"So melodramatic, so overwrought, so extra. So amazing!" twirls tylerc904 while sexercise is completely unaware of what's going on. "This is so damn dramatic for no reason. It’s kind of great though. The fact that there’s a Porcelain Black cover of this is hilarious." I_CANNOT_USE_REAL_WORDS_PROPERLY_... Plethorya is more polarized: "Enjoyably melodramatic by the end, but that first verse is too cringe-y for full marks." I agree, it is just a bit... too much. Take it away, WhenTheSunGoesDown: "This song never fails to crack me up. It’s so unbelievably dramatic. That Lion King beat. Those lyrics. The misplaced autotune. The fact that her parents are still together. It’s a glorious mess." Only to have it taken back by headztrong: "One of the worst songs in her discography, I always hated it because it’s just not based on her life at all and it doesn’t fit the album." Those are two valid points, one I've talked about and the other I barely touched upon. They definitely weren't as concerned with sonic cohesion here as much as they were with bringing a scope of "mature" themes and emotions. Iheartpoptarts dubs it "very, um, melodramatic. Not exactly what I go to Ashley Tisdale for!"
There's a bit of an improper rave review from constantino: "YAS Ashley! Give me that daddy-issues ANTHEM that I crave! As much as I hate ballads, I fuck with mid-tempos so I’m all about this. Damaged queen!" I'm guessing it's not due to personal reasons since he doesn't mention it, but this was mat.overboard's 11: "Is this a left-over from 21? So amazing it hurts my soul." Comparing it to anything recorded for that album is a compliment and a half. (Though when you mentioned it for Delete You it wasn't quite acclaim I_CANNOT_USE_REAL_WORDS_PROPERLY_.) And now, a special DJHazey presentation. Read it.
"One of her most personal songs ever (I'm assuming some of her life experiences are here despite not having a writing credit). I was so astonished with how raw the words were when I first heard this ethereal masterpiece; it instantly became my favorite song many years ago. Some people could argue that her vocals melodies are a mess all over that chorus, but you've got to learn to appreciate them as part of the package and pretty soon you'lll be living for it all like the rest of us. In a way, it's kind of like how Miley's "Permanent December" is technically a mess all over but the end product is essential. It's no secret to some on this forum that I lived through a very rough childhood, where my "mommy and daddy" pretty much mirrored the parents described in this song (not exactly a 'divorce' persay, but similar and probably worse in reality). I accept the fact that it probably has some impact on the areas I struggle at when it comes to relationships as an adult. As you can imagine, countless tears have been shed over this song. It's examples like this which always have me shaking my head when people claim the "Disney-queens' could never have an emotionally impactful song because I'd put this up against most of them. I love how every chorus has a 'double-chorus' effect, but the real double-chorus at the end is the cherry on top and how glorious it is.! Take me to heaven queen! Don't hold anything back because I've already been slain by now!"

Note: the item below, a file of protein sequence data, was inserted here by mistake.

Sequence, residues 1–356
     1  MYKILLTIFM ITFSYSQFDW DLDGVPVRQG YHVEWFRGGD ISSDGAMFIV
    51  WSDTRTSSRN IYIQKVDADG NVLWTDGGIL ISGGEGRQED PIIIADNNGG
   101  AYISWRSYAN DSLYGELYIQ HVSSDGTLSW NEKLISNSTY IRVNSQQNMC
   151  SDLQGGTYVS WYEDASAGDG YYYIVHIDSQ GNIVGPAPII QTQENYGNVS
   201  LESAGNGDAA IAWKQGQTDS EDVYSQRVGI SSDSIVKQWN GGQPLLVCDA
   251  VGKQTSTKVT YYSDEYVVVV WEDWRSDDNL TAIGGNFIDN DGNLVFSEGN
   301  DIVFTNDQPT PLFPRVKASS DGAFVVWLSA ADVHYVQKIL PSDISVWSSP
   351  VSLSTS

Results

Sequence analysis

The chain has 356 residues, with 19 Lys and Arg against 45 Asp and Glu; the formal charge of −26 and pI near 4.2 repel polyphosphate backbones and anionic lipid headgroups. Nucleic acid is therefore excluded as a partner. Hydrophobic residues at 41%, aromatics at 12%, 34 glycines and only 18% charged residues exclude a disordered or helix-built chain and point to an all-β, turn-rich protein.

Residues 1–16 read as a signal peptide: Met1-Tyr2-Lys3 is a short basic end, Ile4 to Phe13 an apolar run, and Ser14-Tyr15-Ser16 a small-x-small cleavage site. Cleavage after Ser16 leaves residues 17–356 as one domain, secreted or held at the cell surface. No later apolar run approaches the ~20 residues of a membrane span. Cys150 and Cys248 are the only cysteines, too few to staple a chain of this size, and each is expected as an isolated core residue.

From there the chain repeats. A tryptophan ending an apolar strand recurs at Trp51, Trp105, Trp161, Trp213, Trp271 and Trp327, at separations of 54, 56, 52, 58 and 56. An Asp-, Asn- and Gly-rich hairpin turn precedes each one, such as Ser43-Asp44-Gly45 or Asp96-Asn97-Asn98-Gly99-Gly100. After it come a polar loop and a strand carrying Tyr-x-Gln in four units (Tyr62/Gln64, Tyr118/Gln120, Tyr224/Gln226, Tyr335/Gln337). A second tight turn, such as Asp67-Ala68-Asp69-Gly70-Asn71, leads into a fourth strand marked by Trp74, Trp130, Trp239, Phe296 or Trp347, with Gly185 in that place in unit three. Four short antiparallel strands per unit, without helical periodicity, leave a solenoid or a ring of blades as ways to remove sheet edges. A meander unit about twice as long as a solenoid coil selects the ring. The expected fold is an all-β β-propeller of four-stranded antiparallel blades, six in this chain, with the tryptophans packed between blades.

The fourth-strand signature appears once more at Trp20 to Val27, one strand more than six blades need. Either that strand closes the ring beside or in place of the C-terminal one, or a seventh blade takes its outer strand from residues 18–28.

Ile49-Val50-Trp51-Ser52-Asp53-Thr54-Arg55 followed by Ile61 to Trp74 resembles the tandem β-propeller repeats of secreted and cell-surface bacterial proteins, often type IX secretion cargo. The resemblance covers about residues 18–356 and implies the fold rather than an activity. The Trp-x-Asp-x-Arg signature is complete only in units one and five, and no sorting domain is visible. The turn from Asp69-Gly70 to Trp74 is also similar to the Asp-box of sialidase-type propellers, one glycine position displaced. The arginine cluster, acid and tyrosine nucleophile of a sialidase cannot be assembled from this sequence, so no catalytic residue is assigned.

It's all right there in the lyrics. The narrator watched their parent's love fall apart in front of their very eyes and it has direct application to their ability to trust/love someone later in life. It's up there with Lindsay's "Confessions of a Broken Heart" as the one of the most devastating mid-tempos to come from a 'teen-pop' artist.